In February and July 2013, suspected Islamist extremists assassinated Chokri Belaid and Mohammed Brahmi, two left-wing opposition politicians and fierce critics of Tunisia’s Islamist Ennahda-led government. In August 2013, the Initiative for Discovering the Truth about the Assassinations of Chokri Belaid and Mohammed Brahmi (IRVA) accused Ennahda and officials at the Ministry of Interior for “complicity in the killings” and “collusion with terrorist movements.” The Ennahda-led government vehemently denied the charges. Although most of IRVA’s accusations are unverified, they reflect the mood of an increasing number of Tunisians who hold Ennahda responsible for the rise in religiously-motivated violence in Tunisia. This dynamic led to the launch of a National Dialogue in October 2013 that ultimately forced the Islamist-led government out of office.
This article details recent incidents of religious violence in Tunisia, as well as the core domestic and regional factors behind it. It then discusses domestic strategies to counter violent Salafists in Tunisia, and evaluates whether future governments are likely to be more effective in controlling the spread of religious violence. It finds that active collaboration between Tunisia’s secular parties and Ennahda should be a priority to launch an effective and long-term strategy to counter religious violence.
Recent Incidents of Religious Violence
Since the Tunisian revolution in early 2011, religiously-motivated violence has steadily increased. Until late 2012, however, it was primarily characterized by small scale attacks and vandalism. In June 2012, for example, Tunisian Salafists angered at an arts exhibition they considered blasphemous rioted in Tunis and other cities, throwing rocks and petrol bombs at police stations and other buildings. Yet the real threat of religious violence was first witnessed in September 2012, when protesters outside the U.S. Embassy in Tunis turned violent and attacked the embassy, leaving three people dead.
An unprecedented scale of religious violence was reached with the assassinations of Belaid and Brahmi, incidents that deeply unsettled the country. The government was quick to create a list of suspects and linked Tunisia’s Ansar al-Shari`a (AST) to both killings. Yet the speed with which Ennahda presented the names of the suspects, especially at a time when political opposition blamed the Ennahda Party for the killings, should prompt caution. Indeed, as no group has declared responsibility for the killings and investigations appear to be full of loopholes, it is still not entirely clear who is responsible.
Equally worrying, the same month that Brahmi was assassinated, violence in the Mount Chambi area close to the Algerian border came to the fore when eight Tunisian soldiers were shot and their throats slit. Clashes between security forces and al-Qa`ida-linked groups in Mount Chambi have been ongoing since December 2012. In July 2013, a bomb exploded in La Goulette in a car belonging to the National Guard, while a second bomb went off in the town of Mhamdia in Ben Arous Province targeting a security patrol of the National Guard.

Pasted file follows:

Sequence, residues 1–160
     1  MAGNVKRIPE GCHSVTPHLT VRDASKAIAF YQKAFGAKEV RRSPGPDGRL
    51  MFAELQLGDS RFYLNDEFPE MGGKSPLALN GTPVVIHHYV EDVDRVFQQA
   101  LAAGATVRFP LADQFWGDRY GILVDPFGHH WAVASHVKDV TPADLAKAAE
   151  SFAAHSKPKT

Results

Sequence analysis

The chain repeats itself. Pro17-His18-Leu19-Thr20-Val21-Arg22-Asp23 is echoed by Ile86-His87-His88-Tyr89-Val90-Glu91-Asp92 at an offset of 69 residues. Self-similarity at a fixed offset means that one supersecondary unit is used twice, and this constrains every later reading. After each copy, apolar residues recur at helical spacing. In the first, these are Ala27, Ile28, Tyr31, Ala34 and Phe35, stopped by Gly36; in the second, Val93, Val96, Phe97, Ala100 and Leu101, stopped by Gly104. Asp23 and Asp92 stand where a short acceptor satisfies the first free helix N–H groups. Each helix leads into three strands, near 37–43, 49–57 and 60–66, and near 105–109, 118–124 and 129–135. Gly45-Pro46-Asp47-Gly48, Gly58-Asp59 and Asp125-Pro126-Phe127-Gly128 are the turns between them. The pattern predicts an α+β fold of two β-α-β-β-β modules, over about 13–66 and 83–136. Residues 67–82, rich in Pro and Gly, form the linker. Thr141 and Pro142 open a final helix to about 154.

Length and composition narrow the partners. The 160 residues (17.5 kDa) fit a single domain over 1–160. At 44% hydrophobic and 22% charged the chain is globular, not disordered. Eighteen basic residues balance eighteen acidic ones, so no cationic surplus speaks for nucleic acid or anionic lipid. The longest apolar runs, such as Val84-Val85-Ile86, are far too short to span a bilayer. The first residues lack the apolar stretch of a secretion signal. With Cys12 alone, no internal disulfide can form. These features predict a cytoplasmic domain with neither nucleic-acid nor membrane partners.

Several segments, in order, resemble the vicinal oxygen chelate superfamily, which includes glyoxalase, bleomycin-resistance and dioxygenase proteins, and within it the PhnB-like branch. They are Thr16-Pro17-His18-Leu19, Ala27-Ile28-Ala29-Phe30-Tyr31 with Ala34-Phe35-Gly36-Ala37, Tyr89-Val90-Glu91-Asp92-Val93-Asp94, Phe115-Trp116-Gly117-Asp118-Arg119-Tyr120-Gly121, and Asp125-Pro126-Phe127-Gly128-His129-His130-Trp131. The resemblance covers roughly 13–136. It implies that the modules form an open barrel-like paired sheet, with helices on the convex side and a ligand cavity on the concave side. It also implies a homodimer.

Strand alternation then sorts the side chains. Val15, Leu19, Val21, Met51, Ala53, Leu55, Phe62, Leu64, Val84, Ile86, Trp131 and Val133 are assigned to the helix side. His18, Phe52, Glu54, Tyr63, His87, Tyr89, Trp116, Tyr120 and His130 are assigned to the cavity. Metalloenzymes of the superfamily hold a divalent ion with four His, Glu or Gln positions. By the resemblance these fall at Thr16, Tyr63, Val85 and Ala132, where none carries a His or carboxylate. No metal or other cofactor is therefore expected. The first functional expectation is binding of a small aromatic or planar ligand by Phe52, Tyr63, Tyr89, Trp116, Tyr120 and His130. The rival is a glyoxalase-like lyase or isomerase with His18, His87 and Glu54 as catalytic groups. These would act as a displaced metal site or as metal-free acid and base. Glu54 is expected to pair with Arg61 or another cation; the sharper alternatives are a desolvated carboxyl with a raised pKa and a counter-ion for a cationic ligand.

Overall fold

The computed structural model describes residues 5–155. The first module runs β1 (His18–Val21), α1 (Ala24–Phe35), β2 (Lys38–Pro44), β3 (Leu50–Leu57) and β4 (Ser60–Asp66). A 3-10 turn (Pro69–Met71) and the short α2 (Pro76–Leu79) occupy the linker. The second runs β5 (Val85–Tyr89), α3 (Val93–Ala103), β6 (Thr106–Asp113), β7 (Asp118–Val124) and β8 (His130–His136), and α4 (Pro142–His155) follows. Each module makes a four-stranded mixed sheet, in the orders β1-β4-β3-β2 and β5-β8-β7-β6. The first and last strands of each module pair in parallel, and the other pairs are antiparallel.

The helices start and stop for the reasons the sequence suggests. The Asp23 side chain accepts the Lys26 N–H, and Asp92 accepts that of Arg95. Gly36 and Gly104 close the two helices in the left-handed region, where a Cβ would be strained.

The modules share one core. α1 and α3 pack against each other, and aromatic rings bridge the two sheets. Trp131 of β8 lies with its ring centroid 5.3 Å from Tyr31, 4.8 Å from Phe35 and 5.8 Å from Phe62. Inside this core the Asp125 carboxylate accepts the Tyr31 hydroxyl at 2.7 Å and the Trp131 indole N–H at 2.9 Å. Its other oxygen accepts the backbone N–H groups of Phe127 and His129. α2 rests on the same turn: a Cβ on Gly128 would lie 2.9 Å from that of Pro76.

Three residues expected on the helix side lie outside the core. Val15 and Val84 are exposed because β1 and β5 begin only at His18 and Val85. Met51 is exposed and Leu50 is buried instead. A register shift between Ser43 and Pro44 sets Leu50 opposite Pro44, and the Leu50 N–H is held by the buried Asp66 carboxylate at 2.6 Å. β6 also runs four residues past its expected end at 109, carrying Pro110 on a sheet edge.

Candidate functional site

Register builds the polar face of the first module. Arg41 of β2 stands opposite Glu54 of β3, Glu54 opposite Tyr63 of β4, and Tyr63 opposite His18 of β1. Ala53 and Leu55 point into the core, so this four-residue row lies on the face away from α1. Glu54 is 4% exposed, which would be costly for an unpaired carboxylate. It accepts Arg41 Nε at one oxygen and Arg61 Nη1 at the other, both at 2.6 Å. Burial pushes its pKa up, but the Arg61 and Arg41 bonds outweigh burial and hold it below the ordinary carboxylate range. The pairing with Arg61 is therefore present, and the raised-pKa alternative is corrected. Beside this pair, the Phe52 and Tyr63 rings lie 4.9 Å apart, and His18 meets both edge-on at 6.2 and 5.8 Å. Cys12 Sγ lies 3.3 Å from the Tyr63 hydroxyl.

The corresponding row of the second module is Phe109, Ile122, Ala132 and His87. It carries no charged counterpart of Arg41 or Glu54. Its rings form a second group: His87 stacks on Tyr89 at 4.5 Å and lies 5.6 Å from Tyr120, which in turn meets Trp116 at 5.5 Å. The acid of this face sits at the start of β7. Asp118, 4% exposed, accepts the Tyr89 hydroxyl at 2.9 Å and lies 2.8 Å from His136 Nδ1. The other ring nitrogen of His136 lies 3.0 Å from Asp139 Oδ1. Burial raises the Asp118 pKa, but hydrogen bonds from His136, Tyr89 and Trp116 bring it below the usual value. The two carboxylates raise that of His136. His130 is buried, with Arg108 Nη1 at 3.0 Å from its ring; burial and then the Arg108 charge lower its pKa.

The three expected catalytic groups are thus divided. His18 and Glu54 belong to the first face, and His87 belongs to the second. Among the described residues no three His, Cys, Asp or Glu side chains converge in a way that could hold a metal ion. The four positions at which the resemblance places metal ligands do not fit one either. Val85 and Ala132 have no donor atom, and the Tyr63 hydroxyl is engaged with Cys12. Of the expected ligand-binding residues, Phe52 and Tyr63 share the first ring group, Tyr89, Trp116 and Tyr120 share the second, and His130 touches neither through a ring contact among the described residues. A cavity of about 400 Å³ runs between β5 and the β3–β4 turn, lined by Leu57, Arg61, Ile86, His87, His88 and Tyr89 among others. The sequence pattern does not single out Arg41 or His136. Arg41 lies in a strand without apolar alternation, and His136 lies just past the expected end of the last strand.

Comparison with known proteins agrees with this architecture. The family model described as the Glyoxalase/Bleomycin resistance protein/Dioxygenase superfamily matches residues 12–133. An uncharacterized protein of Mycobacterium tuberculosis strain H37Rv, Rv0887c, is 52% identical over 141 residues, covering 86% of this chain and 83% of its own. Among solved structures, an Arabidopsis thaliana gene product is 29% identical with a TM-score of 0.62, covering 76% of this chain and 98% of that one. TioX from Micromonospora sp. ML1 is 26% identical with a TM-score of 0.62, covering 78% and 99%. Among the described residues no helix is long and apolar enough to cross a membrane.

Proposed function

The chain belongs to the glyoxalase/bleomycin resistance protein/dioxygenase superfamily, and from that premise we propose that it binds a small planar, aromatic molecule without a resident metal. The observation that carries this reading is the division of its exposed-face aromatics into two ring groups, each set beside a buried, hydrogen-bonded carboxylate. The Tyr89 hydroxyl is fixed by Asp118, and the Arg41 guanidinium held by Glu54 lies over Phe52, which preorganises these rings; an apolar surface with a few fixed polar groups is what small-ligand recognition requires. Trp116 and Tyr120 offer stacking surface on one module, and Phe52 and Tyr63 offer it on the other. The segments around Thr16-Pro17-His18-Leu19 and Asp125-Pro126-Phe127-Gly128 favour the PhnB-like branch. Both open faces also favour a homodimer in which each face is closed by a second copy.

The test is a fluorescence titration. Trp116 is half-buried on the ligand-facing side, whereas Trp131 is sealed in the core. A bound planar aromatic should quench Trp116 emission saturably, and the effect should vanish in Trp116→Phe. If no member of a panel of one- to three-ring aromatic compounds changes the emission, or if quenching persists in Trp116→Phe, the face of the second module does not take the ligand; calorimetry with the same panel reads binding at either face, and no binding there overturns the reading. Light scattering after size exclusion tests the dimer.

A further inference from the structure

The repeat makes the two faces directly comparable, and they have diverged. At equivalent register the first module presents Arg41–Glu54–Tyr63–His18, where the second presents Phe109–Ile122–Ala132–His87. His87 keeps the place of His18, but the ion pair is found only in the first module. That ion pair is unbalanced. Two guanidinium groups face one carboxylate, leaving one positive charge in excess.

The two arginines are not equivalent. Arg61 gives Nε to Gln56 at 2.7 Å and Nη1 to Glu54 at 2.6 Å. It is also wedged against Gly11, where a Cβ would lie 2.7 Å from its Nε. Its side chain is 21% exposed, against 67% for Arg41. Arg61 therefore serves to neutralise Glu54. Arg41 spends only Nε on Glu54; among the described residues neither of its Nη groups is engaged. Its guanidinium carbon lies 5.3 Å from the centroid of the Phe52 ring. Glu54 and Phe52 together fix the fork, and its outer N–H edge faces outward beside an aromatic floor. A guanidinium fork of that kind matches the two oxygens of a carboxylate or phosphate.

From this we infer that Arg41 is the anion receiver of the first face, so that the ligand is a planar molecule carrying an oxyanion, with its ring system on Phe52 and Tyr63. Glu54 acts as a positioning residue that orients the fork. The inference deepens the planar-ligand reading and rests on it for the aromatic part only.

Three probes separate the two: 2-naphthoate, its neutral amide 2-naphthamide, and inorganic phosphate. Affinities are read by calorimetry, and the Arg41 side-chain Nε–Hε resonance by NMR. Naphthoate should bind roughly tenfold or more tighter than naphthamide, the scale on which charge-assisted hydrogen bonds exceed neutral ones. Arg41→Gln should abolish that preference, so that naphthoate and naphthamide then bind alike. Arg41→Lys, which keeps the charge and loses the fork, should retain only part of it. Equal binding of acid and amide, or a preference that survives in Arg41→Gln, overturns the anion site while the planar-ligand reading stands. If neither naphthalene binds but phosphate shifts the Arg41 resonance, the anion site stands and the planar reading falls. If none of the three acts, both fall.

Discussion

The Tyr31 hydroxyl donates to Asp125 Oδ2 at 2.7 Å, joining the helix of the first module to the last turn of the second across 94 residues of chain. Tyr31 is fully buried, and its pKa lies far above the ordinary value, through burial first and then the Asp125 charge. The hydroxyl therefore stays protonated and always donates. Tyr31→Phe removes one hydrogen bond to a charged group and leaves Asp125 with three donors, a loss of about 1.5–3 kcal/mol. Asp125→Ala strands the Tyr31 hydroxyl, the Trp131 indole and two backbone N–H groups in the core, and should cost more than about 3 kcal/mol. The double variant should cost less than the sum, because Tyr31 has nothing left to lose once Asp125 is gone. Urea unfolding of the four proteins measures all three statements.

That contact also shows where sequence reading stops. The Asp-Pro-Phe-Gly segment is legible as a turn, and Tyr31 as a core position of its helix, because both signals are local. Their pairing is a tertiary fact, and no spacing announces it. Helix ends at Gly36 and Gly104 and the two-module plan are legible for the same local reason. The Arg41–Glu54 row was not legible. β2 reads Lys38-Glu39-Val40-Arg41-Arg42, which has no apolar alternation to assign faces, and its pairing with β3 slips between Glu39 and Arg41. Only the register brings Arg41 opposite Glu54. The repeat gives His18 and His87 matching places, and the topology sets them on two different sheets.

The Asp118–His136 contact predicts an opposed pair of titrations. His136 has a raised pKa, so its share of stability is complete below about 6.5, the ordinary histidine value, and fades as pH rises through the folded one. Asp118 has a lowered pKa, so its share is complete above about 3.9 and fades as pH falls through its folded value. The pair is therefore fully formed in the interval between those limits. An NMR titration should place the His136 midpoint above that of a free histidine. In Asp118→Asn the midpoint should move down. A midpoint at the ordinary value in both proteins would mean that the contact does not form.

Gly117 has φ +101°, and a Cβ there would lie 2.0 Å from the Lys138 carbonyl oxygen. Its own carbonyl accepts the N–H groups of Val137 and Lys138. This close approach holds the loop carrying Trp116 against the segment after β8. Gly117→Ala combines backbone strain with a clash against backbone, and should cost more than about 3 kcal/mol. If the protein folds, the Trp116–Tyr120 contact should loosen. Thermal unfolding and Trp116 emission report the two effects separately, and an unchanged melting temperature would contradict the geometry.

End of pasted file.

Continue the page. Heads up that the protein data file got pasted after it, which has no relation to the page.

In October 2013, a few days after the start of the National Dialogue, a suicide bomber attacked a hotel resort in Sousse, while authorities barely averted another attempted suicide bombing on the mausoleum of Tunisia’s first President Habib Bourguiba. The attack in Sousse marked the first suicide bombing in Tunisia since the Djerba attack in 2002. Most recently, on February 16, 2014, suspected Islamist militants killed two policemen in the Jendouba area of western Tunisia. These incidents clearly indicate that religiously-motivated violence in Tunisia is not only on the rise, but that attacks are increasingly organized.
Domestic Factors of Jihadist Activity in Tunisia
The factors driving the increase in religious violence in Tunisia are complex and include socio-political, economic, and regional dynamics. An important event that contributed to the rise in Salafist activity was the release of all political prisoners, including jihadists, following a general amnesty shortly after the revolution. Ennahda’s initial dialogue-seeking strategy, in which they turned a “blind eye” to many instances of small-scale religious violence, also likely helped violent Salafists to evolve, both ideologically and organizationally. Indeed, only following the assassination of Mohammed Brahmi in July 2013 did Ennahda’s leaders clearly distance themselves from the AST, declaring it a terrorist organization.
AST’s classification as a terrorist organization came despite the fact that many of its members were not jihadists. Alaya Allani, a specialist on radicalization in Tunisia, explained that some Salafists were appalled when they learned the group might be involved in the assassinations, and left AST as a result. Moreover, some members of Ennahda’s doctrinal wing are ideologically close to non-violent Salafists, as are many young Ennahda militants, many of whom never had the opportunity to learn about moderate Islamist ideologies during the repressive regime of Zine El Abidine Ben Ali.
Regardless, many analysts agree that a security approach alone does not help to tackle many of the root causes of radicalization in Tunisia, such as economic marginalization, which is particularly high among the youth. Indeed, university graduates have the highest unemployment rate, which International Monetary Fund statistics placed at 33.5% in late September 2013—almost 10% higher than before the revolution. The extent of the youth’s current economic frustration is particularly severe in light of their initial hope for a quick economic recovery following the ousting of Ben Ali.